Living in Chimneys

June 4, 2023
By Damond Benningfield

681023_Living in Chimneys_360 px width.jpg

Thousands of microscopic organisms can inhabit chimneys that form on the ocean floor. Credit: NOAA/OAR/OER.

Many species of marine life are spread far and wide—across millions of square miles. But others are concentrated in patches no bigger than your backyard garden. And thousands of species can share the space.

Some of these patches surround small structures known as chimneys—columns of rock that form when jets of super-hot water shoot up from below the ocean floor. When the mineral-rich water hits the cold ocean water, the minerals build pillars of rock that can be many feet tall.

Microscopic organisms thrive in these environments. Many species are found around chimneys across the world. But other species are found only in their own little patches.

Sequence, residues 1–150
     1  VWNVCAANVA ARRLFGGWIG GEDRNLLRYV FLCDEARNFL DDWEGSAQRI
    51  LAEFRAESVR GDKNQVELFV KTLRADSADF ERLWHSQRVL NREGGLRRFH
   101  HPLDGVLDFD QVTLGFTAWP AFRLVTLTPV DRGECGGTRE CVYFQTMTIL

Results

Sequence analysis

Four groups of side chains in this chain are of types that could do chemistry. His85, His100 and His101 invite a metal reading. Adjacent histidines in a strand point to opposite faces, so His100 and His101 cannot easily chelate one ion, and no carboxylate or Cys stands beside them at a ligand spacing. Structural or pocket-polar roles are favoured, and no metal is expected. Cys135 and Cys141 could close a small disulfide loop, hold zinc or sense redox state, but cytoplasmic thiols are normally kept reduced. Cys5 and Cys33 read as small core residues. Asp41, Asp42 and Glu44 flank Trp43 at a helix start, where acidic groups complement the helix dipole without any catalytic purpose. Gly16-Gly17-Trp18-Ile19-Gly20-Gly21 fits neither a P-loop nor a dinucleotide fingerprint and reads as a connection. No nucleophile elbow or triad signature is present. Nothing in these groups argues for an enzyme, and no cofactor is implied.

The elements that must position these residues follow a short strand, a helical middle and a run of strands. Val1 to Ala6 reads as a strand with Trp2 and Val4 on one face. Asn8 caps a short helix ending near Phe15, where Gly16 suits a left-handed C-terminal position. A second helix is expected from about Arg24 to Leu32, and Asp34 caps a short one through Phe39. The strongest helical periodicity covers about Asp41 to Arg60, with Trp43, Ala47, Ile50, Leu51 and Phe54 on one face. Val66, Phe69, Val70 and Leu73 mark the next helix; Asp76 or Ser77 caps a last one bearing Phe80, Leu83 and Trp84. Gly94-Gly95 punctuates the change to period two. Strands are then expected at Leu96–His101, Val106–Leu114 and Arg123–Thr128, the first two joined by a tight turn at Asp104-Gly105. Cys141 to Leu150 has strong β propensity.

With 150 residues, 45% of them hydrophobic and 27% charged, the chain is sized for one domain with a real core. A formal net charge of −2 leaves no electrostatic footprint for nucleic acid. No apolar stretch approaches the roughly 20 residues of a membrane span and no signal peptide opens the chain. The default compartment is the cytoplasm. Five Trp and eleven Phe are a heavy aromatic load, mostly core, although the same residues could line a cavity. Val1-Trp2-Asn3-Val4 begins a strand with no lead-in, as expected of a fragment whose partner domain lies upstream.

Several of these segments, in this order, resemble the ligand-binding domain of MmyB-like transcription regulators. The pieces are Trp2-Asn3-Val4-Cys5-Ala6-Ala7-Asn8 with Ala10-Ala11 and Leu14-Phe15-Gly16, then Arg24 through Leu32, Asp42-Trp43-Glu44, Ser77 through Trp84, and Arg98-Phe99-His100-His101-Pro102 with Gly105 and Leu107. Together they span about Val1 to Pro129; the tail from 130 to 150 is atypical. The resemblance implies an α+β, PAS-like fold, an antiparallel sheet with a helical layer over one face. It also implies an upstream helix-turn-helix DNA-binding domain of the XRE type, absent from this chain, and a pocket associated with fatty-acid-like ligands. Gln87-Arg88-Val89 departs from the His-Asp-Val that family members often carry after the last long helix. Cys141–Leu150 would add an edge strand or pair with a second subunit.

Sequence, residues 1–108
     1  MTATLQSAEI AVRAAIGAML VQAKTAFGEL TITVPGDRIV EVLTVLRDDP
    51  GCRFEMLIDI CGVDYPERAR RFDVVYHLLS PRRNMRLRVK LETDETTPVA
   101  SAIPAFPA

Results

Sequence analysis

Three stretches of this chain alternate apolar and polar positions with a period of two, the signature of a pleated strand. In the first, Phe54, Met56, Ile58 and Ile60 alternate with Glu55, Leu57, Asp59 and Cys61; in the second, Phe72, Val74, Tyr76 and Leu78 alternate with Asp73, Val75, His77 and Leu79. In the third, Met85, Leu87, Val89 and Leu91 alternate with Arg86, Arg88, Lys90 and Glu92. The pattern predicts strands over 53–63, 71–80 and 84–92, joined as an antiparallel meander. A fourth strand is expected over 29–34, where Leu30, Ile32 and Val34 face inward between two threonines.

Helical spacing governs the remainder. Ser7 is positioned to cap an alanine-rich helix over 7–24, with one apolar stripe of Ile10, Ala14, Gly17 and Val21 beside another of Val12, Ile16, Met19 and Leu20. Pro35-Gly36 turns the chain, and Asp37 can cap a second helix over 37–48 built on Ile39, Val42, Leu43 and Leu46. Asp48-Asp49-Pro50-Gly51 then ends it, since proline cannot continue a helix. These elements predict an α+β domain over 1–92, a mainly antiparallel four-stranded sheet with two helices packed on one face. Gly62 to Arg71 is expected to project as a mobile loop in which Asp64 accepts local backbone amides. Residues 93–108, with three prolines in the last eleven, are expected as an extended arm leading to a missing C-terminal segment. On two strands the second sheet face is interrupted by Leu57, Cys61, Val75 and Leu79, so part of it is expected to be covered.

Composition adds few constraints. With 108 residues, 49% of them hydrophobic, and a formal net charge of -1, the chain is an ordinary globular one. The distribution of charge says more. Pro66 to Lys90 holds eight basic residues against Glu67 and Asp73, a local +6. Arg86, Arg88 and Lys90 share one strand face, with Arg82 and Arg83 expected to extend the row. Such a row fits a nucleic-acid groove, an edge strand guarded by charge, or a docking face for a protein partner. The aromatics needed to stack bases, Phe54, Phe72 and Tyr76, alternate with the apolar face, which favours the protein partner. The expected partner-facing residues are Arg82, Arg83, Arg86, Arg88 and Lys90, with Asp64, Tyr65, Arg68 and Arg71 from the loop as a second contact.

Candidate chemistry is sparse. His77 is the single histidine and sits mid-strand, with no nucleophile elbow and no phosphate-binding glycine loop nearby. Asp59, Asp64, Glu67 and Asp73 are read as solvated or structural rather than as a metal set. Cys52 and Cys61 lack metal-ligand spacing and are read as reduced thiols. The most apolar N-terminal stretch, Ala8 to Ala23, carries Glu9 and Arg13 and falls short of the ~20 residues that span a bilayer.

A recent study, for example, discovered more than 150 species around a single chimney that haven’t been seen anywhere else. It’s on Brothers Seamount, an underwater volcano near New Zealand.

Researchers used state-of-the-art techniques to sequence the genomes of microbes from the chimney. They did the same thing for microbes found in four large patches of chimneys in the Pacific and Atlantic oceans. In all, they logged more than 3500 species of microscopic life. The list included hundreds of species that had never been seen before.

The study also found that many of the organisms depend on each other to survive. Some, for example, can’t get all the nutrients they need on their own. So they depend on other organisms to provide those nutrients—in their own little garden patches on the ocean floor.